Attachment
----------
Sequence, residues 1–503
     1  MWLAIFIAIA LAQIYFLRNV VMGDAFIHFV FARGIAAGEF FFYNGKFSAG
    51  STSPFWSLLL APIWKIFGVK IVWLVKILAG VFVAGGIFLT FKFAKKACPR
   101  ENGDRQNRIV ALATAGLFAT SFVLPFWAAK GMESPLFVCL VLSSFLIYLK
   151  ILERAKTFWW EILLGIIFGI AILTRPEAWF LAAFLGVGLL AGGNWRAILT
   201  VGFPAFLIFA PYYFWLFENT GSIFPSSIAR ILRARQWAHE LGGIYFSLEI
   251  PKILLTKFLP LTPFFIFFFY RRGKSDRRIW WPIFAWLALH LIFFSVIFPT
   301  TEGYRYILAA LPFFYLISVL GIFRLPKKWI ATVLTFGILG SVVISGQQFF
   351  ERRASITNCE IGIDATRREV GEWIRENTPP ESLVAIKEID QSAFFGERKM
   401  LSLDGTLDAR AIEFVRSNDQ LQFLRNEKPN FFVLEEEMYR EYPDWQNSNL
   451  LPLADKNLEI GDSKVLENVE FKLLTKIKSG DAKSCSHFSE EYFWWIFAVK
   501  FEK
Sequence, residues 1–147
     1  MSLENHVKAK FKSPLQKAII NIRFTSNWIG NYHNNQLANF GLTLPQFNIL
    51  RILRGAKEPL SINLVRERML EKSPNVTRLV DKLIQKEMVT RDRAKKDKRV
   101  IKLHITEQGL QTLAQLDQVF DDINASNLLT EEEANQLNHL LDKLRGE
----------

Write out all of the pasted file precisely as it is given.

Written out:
Sequence, residues 1–503
     1  MWLAIFIAIA LAQIYFLRNV VMGDAFIHFV FARGIAAGEF FFYNGKFSAG
    51  STSPFWSLLL APIWKIFGVK IVWLVKILAG VFVAGGIFLT FKFAKKACPR
   101  ENGDRQNRIV ALATAGLFAT SFVLPFWAAK GMESPLFVCL VLSSFLIYLK
   151  ILERAKTFWW EILLGIIFGI AILTRPEAWF LAAFLGVGLL AGGNWRAILT
   201  VGFPAFLIFA PYYFWLFENT GSIFPSSIAR ILRARQWAHE LGGIYFSLEI
   251  PKILLTKFLP LTPFFIFFFY RRGKSDRRIW WPIFAWLALH LIFFSVIFPT
   301  TEGYRYILAA LPFFYLISVL GIFRLPKKWI ATVLTFGILG SVVISGQQFF
   351  ERRASITNCE IGIDATRREV GEWIRENTPP ESLVAIKEID QSAFFGERKM
   401  LSLDGTLDAR AIEFVRSNDQ LQFLRNEKPN FFVLEEEMYR EYPDWQNSNL
   451  LPLADKNLEI GDSKVLENVE FKLLTKIKSG DAKSCSHFSE EYFWWIFAVK
   501  FEK
Sequence, residues 1–147
     1  MSLENHVKAK FKSPLQKAII NIRFTSNWIG NYHNNQLANF GLTLPQFNIL
    51  RILRGAKEPL SINLVRERML EKSPNVTRLV DKLIQKEMVT RDRAKKDKRV
   101  IKLHITEQGL QTLAQLDQVF DDINASNLLT EEEANQLNHL LDKLRGE